The U.S. Supreme Court heard oral arguments this week in the Massachusetts v. EPA suit. To many environmental groups and outdoor businesses that depend on snowfall, this is considered a landmark global warming case. Petitioners in this case are asking the Court to determine that the Clean Air Act authorizes the Environmental Protection Agency to regulate carbon dioxide and other greenhouse gases as air pollutants. The EPA claims it has no such authority, while the petitioners claim that it does, and must, by law use this authority to reduce CO2 emissions.

The original petitioner in the case was Massachusetts, but several other state and local governments have signed on as well, including California, Connecticut, Illinois, Maine, New Jersey, New Mexico, New York, Oregon, Rhode Island, Vermont, and Washington.

Environmental groups and outdoor businesses that have connections to the case include Environmental Advocates, Environmental Defense, Friends of the Earth, Greenpeace, Natural Resources Defense Council, Sierra Club, and the Aspen Skiing Company.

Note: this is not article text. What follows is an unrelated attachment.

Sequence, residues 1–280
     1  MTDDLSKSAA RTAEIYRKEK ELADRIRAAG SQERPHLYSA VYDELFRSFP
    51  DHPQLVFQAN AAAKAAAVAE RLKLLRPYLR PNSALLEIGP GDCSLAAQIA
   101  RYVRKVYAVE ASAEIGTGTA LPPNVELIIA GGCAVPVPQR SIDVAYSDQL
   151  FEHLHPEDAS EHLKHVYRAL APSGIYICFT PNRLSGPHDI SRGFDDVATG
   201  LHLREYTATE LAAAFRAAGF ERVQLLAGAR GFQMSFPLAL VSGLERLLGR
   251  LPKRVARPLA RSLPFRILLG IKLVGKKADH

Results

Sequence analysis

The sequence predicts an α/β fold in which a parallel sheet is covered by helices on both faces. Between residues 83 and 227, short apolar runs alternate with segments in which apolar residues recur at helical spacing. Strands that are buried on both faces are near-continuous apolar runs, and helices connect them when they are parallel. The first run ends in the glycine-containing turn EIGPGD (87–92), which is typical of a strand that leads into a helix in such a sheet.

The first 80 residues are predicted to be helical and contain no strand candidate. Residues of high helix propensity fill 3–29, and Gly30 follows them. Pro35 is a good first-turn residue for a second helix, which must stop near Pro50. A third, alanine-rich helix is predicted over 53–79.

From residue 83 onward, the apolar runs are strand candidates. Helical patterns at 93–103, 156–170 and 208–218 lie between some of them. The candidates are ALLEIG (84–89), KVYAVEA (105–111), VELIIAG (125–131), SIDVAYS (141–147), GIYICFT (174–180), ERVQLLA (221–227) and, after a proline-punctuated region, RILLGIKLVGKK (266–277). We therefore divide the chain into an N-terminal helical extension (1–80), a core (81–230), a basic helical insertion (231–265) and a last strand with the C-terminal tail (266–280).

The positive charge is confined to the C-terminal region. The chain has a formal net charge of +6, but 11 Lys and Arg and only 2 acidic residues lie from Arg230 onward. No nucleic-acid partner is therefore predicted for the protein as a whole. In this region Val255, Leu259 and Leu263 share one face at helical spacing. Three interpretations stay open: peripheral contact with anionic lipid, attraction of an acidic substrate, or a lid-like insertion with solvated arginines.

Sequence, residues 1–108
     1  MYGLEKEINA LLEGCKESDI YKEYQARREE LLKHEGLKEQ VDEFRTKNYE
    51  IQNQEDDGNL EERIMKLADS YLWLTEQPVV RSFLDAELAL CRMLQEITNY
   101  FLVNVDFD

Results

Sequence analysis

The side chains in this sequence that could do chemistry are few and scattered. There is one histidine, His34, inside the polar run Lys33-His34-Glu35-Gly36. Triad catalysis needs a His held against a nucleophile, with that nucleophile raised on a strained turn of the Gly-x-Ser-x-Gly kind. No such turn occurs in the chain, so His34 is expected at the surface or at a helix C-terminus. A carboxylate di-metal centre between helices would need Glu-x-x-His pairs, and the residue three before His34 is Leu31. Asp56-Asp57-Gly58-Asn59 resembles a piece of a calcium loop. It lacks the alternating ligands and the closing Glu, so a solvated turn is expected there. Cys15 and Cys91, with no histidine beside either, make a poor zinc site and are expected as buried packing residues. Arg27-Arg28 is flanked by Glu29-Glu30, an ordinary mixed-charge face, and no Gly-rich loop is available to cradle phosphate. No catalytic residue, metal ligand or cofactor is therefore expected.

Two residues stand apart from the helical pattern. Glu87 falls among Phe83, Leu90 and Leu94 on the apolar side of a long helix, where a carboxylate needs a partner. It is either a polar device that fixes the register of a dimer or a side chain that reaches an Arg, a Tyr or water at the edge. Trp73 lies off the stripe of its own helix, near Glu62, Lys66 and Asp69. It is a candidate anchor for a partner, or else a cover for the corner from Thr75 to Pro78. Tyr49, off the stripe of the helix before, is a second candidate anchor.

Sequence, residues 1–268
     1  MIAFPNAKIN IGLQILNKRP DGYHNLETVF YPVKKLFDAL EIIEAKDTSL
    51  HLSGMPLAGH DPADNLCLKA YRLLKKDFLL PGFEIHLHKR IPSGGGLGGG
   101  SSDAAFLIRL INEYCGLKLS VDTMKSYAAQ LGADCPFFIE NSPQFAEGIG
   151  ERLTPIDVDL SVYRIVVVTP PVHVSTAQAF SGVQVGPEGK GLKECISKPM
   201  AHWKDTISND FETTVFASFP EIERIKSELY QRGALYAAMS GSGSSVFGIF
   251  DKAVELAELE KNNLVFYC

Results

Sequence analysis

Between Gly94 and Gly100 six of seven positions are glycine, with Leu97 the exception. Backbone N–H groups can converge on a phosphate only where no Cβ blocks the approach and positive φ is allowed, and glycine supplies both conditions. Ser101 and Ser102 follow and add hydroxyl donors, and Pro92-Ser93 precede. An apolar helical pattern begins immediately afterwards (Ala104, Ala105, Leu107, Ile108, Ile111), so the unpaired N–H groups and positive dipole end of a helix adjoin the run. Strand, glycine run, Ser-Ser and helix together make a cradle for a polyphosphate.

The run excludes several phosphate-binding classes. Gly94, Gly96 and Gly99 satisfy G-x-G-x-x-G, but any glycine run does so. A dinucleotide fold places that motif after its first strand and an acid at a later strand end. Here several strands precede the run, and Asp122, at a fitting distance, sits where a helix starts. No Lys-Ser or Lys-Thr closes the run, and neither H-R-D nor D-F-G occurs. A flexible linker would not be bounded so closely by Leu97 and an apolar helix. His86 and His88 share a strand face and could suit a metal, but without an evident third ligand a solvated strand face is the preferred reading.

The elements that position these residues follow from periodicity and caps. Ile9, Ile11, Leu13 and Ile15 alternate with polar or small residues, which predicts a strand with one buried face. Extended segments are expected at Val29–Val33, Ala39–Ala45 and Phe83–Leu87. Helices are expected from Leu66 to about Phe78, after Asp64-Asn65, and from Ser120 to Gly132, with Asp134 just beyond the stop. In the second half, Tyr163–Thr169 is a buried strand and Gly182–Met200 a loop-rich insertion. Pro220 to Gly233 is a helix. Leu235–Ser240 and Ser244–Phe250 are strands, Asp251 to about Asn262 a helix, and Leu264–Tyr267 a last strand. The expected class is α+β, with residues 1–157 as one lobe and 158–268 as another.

The High Court’s decision is likely to have a far-reaching impact on future action to fight global warming at both the state and federal levels. “Since CO2 is the main culprit behind global warming, something which undoubtedly will negatively affect both our weather and climate, it seems quite clear that the plain language of the statute grants EPA this authority,” said Sierra Club Senior Attorney David Bookbinder. “It’s not every day that a group of states comes to the Supreme Court begging it to grant a federal agency more authority. That alone should demonstrate the magnitude of this problem and the need for action by the federal government.”

According to reports from the floor of the Supreme Court, Justices Scalia and Alito have been showing signs of ruling against Massachusetts, while Breyer and Kennedy indicated a potential decision against the EPA. All other justices were difficult to read one way or the other based on their questions.

This case is likely to have a direct bearing on the eleven states that have adopted global warming emissions standards. Under the Clean Air Act, California can set its own motor vehicle standards, and other states can choose California or federal standards.

“Either way the Court rules, support is building in Congress for new legislation to curb global warming,” added NRDC’s David Doniger. “In the meantime, we are making every possible effort to get the Bush administration to follow the laws we have today, and to start cutting global warming pollution without further delay.”